HOUSTON - Andre Jackson is guilty of the murder of 11-year-old Josue Flores, a jury decided Tuesday afternoon. It’s a verdict that’s been a long time coming since the Josue was suddenly attacked by a stranger as he walked home from middle school back in May 2016.
The jury deliberated for just about three hours after six days of testimony, and closing arguments Tuesday morning.
"That little boy is in this courtroom speaking to us all, ‘It’s me. He killed me,’" prosecutor John Jordan told the jury as he finished his closing argument. Jordan was referring to Josue’s DNA on Jackson’s jacket, which was sitting in the courtroom as evidence.
Meanwhile, defense attorneys called the investigation a "poor" one and questioned whether the DNA evidence was contaminated.
"This case is every defense attorney's worst nightmare. It is a textbook example of how innocent people get convicted," defense attorney Justin Keiter said in his closing argument.
But jurors ultimately believed prosecutors that Jackson, a former Marine Corps veteran who spent eight months in Iraq and was living in a Salvation Army shelter, without warning, attacked the honor student.
Although there wasn’t video of Josue being stabbed more than 20 times that day in 2016, a number of witnesses saw part or all of the brutal attack and several cameras captured Jackson running from the scene.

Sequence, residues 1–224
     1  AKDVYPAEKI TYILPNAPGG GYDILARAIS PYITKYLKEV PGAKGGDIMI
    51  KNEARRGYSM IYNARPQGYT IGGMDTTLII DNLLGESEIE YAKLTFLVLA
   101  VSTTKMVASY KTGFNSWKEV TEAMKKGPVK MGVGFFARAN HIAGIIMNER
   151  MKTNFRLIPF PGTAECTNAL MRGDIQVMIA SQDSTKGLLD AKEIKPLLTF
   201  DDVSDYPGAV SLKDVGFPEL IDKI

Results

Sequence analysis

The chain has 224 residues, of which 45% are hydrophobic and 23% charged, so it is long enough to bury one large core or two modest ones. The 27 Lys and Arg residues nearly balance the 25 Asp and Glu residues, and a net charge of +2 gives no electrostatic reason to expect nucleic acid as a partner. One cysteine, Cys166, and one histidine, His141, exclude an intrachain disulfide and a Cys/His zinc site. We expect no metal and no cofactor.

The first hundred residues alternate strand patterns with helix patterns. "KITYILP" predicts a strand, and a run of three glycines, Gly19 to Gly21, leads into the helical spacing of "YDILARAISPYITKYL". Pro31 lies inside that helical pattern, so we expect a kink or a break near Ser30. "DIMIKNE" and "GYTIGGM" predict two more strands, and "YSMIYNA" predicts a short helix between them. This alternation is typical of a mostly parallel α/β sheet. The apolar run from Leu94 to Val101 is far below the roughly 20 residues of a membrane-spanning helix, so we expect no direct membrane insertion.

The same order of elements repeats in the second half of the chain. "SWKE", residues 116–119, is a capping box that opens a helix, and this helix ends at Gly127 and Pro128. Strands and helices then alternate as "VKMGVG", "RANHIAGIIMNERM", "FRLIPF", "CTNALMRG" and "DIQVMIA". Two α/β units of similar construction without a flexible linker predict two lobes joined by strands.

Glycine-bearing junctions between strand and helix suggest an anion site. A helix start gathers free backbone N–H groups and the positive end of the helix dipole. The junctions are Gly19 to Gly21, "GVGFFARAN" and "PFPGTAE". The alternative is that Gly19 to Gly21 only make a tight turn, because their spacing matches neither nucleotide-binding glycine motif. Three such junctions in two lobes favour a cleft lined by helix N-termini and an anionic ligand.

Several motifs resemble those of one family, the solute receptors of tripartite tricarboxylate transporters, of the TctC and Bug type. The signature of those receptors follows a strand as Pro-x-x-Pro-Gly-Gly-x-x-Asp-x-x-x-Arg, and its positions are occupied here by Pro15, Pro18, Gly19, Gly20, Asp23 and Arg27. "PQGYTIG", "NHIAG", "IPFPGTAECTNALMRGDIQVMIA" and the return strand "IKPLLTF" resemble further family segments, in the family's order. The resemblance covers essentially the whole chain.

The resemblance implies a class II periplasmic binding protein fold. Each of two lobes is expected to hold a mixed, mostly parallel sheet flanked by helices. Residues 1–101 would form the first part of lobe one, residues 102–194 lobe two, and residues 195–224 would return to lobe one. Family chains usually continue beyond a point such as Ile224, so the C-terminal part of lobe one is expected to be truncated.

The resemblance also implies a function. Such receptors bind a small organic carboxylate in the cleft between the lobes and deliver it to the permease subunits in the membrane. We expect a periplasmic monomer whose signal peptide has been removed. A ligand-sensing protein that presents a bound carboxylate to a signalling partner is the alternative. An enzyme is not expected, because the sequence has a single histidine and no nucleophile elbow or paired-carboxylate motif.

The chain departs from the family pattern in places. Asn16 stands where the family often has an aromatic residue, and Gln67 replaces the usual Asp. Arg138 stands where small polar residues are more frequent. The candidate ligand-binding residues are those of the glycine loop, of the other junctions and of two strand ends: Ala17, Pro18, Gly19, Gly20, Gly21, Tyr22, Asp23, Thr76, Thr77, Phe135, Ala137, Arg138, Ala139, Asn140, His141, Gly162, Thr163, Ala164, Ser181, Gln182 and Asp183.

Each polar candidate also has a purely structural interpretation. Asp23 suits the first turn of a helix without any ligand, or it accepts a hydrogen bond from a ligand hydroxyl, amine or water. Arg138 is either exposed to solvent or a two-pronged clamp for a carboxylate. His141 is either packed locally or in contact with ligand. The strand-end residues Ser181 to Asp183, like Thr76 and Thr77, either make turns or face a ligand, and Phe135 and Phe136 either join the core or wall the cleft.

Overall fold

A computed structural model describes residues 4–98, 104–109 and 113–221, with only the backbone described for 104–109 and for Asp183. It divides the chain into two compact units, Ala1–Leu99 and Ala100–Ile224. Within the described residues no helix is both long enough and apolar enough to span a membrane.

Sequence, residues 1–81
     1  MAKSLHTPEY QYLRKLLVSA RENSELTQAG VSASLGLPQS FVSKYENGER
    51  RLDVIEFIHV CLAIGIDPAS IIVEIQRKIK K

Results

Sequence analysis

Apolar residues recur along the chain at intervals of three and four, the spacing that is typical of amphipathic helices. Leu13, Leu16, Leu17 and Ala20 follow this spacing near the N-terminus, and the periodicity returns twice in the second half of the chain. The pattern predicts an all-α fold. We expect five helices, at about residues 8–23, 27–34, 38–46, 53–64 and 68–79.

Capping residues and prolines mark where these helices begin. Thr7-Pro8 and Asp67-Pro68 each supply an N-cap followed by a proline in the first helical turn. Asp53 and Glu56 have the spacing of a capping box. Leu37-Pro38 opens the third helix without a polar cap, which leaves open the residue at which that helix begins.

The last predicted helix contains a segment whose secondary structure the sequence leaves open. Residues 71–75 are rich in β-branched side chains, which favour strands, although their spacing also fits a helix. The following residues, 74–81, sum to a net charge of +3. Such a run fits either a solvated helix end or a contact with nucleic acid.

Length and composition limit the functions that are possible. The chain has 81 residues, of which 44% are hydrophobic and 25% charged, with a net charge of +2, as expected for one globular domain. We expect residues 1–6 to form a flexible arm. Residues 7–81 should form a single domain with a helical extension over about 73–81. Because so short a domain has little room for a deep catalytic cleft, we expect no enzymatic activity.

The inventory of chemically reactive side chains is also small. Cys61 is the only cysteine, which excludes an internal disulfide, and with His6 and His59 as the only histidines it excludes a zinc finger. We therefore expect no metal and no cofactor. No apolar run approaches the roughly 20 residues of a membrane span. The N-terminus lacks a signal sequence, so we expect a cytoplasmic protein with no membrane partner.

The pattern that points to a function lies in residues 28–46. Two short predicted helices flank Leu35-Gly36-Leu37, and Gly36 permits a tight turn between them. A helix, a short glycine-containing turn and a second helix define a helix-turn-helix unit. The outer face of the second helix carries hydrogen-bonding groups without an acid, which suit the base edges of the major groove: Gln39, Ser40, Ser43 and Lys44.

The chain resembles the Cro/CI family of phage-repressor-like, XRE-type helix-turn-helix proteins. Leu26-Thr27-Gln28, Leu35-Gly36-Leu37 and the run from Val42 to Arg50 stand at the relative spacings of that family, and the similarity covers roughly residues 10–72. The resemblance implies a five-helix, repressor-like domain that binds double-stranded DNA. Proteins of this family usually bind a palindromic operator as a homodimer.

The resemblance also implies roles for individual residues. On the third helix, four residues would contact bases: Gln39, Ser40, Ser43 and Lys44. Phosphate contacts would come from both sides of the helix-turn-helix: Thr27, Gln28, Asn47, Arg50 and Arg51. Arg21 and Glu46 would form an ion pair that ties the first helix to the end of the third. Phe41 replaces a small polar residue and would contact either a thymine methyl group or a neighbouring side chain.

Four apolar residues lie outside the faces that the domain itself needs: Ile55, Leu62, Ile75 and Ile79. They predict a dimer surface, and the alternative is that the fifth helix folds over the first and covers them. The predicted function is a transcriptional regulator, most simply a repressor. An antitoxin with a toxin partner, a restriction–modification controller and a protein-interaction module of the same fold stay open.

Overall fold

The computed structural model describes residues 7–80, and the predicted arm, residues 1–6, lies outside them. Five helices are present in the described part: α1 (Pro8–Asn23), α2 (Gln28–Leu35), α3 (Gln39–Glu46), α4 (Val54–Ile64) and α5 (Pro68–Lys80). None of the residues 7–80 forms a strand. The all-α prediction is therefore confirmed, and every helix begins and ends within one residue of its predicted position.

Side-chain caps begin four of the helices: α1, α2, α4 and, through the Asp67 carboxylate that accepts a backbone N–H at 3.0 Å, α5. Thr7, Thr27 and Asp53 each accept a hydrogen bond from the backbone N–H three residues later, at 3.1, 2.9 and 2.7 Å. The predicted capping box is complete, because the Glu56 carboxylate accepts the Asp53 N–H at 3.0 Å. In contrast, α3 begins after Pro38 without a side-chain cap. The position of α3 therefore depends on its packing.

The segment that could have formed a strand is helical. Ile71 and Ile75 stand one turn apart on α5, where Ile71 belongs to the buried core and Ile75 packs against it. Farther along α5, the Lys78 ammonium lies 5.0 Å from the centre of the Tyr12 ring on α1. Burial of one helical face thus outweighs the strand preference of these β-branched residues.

Jackson sobbed out loud after jurors delivered the guilty verdict. He sank his head onto the table as he borke down, yelling "God."
His mother and uncle were also seen crying in the courtroom.
Meanwhile, Josue Flores’ family wiped away tears as they received long-awaited justice for their 11-year-old boy who loved science and wanted to be a doctor.
"How appropriate that you can use, back in that jury room, science to convict his killer," Jordan told jurors before they began deliberating.
Josue Flores died in a stabbing in Houston on May 17, 2016.
The judge will hear testimony on Wednesday to decide Jackson's punishment. Jackson faces five years to life in prison.
During the week-long trial, the jury heard from forensic experts, police interrogation videos and emotional testimony. Here's a look back at key moments in the trial.
Prosecutors showed several surveillance videos to paint a timeline of Josue's gruesome murder.
At 4:39 p.m. on May 17, 2016, Josue is seen walking home from school in one video.